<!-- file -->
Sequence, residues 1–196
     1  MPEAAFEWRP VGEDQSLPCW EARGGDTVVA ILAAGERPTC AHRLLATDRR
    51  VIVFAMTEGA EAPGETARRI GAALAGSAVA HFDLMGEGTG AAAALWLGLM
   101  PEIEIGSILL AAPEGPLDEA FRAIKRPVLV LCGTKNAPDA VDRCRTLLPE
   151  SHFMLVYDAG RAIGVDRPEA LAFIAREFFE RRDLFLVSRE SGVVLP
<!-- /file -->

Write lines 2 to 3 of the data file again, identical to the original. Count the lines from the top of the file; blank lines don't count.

     1  MPEAAFEWRP VGEDQSLPCW EARGGDTVVA ILAAGERPTC AHRLLATDRR
    51  VIVFAMTEGA EAPGETARRI GAALAGSAVA HFDLMGEGTG AAAALWLGLM